Nope, I’m *just* a GFX-designer 😉

        >>If, theoretically, sites to download music illegally didn’t exist or you couldn’t burn copies of CDs, then you either have to conform with listening to songs on the radio or buying buying the album at a store. That’s where the money is lost. You WOULD HAVE to buy the album.

        The music I listen to – normally – I still buy on CDs as always. The music I download, is chart-stuff that I would never have bought in the first place but, as you say, would just have listened to on the radio, when it was on… so still: I would never have bought those tracks anyways… I never burn those out on CD… why should I? even THAT medium is a dying medium.

  • Jason Masters

    I agree mate well said!!!

  • Daniel

    Billy, your argument doesn’t make sense at all. He’s saying he wouldn’t have had any interest in the music if the only way he could get it was to pay. So, if his only option was to buy a CD, he wouldn’t have bought it. Music companies make $0.00. However, he had the option to download it for free so he did. Music companies make $0.00. So, in this very specific situation, he is absolutely right, nobody lost money.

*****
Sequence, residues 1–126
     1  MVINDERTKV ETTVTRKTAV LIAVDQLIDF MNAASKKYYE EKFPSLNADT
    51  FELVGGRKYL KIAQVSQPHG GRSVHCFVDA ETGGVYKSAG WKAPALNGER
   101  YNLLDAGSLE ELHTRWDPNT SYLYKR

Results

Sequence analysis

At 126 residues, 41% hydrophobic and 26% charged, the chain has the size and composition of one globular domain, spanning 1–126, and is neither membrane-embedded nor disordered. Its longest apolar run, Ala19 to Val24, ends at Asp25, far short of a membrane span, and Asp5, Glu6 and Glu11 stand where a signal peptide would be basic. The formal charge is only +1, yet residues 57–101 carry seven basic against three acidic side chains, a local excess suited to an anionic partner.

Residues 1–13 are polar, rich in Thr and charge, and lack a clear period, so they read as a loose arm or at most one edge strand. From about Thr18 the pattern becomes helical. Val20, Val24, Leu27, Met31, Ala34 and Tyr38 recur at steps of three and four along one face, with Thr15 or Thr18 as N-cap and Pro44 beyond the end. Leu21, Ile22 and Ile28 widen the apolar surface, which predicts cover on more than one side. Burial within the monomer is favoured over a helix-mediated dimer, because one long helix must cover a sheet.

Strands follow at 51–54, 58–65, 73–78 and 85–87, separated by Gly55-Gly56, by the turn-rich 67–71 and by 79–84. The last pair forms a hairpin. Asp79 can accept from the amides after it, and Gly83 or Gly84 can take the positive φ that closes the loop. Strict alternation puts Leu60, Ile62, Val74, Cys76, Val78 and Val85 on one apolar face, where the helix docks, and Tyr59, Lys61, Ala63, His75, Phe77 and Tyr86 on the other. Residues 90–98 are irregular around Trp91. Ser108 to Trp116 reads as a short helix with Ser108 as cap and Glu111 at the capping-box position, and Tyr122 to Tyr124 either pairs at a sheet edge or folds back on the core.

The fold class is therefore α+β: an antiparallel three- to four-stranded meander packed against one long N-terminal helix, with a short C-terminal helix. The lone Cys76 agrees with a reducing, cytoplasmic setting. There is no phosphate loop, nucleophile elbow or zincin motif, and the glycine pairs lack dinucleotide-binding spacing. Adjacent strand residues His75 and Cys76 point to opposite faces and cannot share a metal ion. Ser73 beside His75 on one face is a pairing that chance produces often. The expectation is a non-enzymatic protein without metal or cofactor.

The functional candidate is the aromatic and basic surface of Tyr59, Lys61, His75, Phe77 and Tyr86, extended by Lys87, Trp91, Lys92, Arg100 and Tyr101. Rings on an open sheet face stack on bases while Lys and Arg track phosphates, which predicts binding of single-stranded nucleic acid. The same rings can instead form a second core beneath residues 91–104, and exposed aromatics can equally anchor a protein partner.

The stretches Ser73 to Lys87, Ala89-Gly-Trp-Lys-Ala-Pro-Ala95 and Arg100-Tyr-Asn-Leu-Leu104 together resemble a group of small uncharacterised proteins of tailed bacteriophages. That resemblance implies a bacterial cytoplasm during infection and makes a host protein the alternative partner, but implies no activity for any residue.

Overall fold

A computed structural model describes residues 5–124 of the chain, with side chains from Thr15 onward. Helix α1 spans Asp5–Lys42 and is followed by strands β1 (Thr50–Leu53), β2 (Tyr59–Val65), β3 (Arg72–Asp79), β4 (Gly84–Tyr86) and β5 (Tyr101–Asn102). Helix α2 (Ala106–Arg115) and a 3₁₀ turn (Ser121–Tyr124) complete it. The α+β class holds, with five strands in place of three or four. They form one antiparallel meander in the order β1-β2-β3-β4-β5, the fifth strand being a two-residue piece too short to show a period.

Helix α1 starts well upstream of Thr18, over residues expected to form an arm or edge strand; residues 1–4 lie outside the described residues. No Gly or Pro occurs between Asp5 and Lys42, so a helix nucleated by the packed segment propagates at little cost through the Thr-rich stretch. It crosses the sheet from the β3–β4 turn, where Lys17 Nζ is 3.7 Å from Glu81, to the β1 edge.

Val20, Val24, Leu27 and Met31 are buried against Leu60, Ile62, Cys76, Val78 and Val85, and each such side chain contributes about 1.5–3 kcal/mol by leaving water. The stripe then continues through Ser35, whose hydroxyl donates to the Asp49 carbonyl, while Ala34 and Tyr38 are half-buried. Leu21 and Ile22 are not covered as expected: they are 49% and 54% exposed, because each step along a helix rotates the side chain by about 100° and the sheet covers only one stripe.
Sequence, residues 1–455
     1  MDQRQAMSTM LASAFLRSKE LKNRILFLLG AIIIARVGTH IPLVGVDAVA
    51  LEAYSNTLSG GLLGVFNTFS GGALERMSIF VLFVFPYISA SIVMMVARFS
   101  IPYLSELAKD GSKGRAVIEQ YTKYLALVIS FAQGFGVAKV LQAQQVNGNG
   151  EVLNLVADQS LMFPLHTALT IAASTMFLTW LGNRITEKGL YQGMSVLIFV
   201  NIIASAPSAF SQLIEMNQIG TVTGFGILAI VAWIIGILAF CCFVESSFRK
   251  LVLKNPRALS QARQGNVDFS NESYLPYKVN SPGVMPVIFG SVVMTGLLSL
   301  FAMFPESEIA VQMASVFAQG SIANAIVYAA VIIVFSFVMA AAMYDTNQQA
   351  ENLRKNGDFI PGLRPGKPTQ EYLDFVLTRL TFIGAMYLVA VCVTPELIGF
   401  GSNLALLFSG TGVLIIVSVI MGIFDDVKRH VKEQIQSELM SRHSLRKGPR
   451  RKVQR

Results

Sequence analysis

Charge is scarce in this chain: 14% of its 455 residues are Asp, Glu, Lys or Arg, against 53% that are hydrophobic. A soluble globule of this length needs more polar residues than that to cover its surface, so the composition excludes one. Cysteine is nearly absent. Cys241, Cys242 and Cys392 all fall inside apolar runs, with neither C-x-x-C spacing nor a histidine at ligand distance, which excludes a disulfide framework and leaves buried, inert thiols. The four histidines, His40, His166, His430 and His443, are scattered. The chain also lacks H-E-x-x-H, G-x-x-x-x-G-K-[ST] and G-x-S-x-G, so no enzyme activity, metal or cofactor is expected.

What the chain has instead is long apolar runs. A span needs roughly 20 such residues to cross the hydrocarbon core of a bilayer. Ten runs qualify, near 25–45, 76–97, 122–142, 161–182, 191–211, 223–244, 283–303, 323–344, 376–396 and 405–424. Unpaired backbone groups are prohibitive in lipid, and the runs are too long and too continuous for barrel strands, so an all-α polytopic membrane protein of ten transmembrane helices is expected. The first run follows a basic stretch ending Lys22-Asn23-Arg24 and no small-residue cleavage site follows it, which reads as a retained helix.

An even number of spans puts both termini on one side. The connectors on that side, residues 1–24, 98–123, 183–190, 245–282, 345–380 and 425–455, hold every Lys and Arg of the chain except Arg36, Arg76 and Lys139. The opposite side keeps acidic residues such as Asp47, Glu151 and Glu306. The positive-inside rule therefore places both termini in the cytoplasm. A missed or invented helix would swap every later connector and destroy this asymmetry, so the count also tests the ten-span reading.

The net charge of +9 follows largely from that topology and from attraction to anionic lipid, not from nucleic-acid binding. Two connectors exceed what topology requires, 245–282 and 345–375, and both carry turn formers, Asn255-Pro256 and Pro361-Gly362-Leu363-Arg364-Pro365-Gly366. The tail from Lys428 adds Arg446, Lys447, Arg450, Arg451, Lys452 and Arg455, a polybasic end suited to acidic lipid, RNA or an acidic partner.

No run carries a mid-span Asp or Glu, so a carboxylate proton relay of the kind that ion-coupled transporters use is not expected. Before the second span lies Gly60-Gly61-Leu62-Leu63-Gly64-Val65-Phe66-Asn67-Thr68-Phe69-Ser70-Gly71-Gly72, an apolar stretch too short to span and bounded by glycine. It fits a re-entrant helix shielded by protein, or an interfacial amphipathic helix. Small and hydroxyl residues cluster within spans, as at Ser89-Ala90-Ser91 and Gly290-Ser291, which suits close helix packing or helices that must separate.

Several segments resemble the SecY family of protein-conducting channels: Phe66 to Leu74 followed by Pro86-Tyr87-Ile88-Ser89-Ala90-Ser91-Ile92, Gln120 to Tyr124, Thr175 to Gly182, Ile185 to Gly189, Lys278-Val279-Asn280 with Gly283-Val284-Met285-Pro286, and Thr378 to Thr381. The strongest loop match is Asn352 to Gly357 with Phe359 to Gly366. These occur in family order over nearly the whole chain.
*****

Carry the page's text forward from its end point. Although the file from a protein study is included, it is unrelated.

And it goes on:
We all know that other situations exist in the world of music piracy that do cost people money. However, you are entirely wrong if you think this applies to all situations.

    • TT

      This is what I got out of it as well.

      Also, like it or not, Apple has definitely changed the whole music scene with the iPod and iTunes. Without those two instruments, we wouldn’t have our beloved iPhones.

      But alas, the music landscape is changing once again with subscription based services. I have spent $10 a month for the past 5 months or so on rhapsody and I can honestly say that I could see myself spending $120 a year to have an unlimited supply of music at my finger tips. If Apple started a music sub service for unlimited music at $10 a month I would definitely sign up.

      • Frandsen

        Oh yes… 🙂 I would subscribe to a service like that as well 🙂 for now we only have ONE real option like that here in Denmark, and that is something called TDC Play, but that doesn’t work on Mac… works on the iPhone though, but not on the computer.

        You get it as part of your subscription to your smartphone for nothing – or, you can add it to your subscription if itøs not included for dkr. 49 a month – roughly $11 a month…

  • Doesn’t matter Apple’s iPhone device is way more superior to Blackberry phones.

    • “Superior” is a matter of opinion. All depends what your needs are in a smartphone. iPhone for play, BlackBerry for work. Hopefully, BlackBerry will tap into the smartphone media scene without resorting to “hype” like Apple.